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Chapter Summary

Savas, E. S., ed. 1992. Privatization for New York: Competing for a Better Future. The Lauder Report; A report of the NYS Senate Advisory Commission on Privatization. New York.

Chapter 9: Housing in New York City (Jack Richman)

Richman's chapter addresses several aspects of government involvement in the New York City housing market: rent regulation, public housing, housing vouchers, housing owned by city government due to tax arrears foreclosure, and housing the homeless.

The discussion of rent regulation is pertinent only to New York City, and is not germane to this audience. Briefly, Richman argues that rent regulation has limited housing revenue, preventing routine maintenance and stifling new housing construction. Further, rent control subsidizes middle and upper class tenants more than more mobile low-income residents. He recommends eliminating rent regulation for high-income households, when subsidized residents vacate the dwelling, and for apartments that rent for $1,000/month or more.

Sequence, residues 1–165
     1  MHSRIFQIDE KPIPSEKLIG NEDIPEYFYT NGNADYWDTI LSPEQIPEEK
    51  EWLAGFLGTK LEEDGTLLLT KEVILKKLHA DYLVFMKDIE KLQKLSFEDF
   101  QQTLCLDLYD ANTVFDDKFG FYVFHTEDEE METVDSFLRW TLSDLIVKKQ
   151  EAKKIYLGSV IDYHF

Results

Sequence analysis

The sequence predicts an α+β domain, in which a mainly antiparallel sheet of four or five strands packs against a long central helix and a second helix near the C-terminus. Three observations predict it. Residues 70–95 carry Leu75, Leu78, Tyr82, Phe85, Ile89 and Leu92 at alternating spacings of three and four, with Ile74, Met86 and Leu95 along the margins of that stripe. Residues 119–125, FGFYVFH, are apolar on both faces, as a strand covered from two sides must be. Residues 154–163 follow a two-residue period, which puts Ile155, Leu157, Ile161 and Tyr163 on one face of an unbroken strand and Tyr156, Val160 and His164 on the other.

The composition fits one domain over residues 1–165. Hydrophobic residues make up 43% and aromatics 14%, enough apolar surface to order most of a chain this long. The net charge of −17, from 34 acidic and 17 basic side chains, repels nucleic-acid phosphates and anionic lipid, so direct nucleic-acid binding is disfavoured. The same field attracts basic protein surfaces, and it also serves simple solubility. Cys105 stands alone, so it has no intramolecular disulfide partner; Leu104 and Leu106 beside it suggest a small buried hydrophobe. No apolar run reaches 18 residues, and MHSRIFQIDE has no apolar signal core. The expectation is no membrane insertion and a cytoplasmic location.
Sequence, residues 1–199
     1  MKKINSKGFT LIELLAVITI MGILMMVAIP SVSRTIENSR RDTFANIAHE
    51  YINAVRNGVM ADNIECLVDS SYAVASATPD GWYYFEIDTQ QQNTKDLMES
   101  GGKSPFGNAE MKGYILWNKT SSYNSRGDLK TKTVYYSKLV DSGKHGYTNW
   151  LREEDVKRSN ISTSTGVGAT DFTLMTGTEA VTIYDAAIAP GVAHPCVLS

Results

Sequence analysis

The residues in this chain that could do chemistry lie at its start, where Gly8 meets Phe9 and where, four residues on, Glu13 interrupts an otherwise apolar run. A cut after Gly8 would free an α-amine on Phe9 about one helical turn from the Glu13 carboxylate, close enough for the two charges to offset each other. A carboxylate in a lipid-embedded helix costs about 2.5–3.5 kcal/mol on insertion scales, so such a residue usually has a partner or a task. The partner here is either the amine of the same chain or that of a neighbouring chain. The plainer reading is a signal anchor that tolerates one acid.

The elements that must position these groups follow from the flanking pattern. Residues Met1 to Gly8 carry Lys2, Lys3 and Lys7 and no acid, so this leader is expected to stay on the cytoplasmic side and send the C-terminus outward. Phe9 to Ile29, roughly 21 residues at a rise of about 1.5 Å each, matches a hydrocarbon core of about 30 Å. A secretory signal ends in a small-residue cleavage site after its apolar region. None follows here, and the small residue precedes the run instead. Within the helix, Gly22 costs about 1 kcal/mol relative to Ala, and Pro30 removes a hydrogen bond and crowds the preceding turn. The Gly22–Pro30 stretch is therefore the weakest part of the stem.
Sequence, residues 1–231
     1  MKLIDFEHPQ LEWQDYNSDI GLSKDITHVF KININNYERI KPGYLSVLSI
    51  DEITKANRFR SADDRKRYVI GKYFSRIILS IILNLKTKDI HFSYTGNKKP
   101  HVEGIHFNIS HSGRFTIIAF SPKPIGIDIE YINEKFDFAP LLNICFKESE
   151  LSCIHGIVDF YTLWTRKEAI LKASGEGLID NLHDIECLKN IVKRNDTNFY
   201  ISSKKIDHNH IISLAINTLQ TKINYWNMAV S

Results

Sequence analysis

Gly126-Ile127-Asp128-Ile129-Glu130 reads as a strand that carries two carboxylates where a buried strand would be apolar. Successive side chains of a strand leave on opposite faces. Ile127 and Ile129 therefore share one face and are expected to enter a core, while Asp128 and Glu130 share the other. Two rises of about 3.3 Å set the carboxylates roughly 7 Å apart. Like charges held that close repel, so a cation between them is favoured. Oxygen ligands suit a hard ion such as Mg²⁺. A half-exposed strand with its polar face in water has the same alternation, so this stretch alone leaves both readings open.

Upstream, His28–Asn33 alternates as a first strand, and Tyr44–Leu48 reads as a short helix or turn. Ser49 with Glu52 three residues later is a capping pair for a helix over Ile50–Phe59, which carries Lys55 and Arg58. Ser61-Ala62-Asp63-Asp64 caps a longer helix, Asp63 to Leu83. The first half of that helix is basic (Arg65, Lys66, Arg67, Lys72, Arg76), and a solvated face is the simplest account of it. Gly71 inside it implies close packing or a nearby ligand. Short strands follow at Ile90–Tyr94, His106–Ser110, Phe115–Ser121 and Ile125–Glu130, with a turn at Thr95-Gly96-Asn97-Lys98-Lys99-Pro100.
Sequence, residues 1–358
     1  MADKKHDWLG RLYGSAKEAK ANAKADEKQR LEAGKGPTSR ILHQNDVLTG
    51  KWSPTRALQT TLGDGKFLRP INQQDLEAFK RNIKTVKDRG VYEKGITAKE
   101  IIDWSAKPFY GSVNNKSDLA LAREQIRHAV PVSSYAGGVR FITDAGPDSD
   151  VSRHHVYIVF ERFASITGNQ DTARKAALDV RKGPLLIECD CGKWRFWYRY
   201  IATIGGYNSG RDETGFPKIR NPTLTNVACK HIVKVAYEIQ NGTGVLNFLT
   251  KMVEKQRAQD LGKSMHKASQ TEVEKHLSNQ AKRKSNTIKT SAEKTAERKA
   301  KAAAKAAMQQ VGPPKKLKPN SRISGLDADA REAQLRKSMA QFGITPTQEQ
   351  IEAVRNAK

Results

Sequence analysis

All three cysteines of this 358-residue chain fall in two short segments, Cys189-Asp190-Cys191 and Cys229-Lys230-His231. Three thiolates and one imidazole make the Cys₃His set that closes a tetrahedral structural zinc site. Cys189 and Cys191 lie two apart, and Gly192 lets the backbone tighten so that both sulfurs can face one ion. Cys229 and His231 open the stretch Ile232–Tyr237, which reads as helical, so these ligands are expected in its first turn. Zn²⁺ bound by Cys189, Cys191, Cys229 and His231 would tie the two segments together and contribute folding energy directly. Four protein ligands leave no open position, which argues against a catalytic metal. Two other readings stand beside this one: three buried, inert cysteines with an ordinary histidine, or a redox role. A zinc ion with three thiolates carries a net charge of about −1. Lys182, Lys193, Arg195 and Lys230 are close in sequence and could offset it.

Other topics are pertinent to housing markets in other parts of New York State and the nation. Richman recommends tenant screening by public housing residents to increase safety and rent payment rates. As an alternative to public housing, he recommends vouchers to subsidize housing consumers rather than producers. Vouchers provide freedom of choice to residents and introduce market competition into subsidized housing provision, which may help to alleviate the housing shortage which is the only limit Richman sees to housing vouchers in New York City.

One of Richman's primary goals for housing in New York City is to keep it on the tax rolls. When housing is owned by government due to tax foreclosure or by a not-for-profit cooperative housing agency, it is not yielding property tax revenues to the city. He advocates two measures to minimize city ownership of housing due to foreclosure: 1) conducting realistic tax assessments of properties including reassessing properties in marginal areas already owing back taxes, and 2) selling at public auction all housing obtained through foreclosure to return the property promptly to the tax rolls. Richman also supports eliminating legal barriers to residents of public housing purchasing their units.

Because not having shelter is often a function of other very broad problems such as alcohol or drug abuse or mental illness, homelessness cannot be solved through housing alone. However, encouraging privately-owned and operated shelters and Single Room Occupancy (SRO) dwelling units through tax policy, zoning ordinances, and building codes can ameliorate the problem.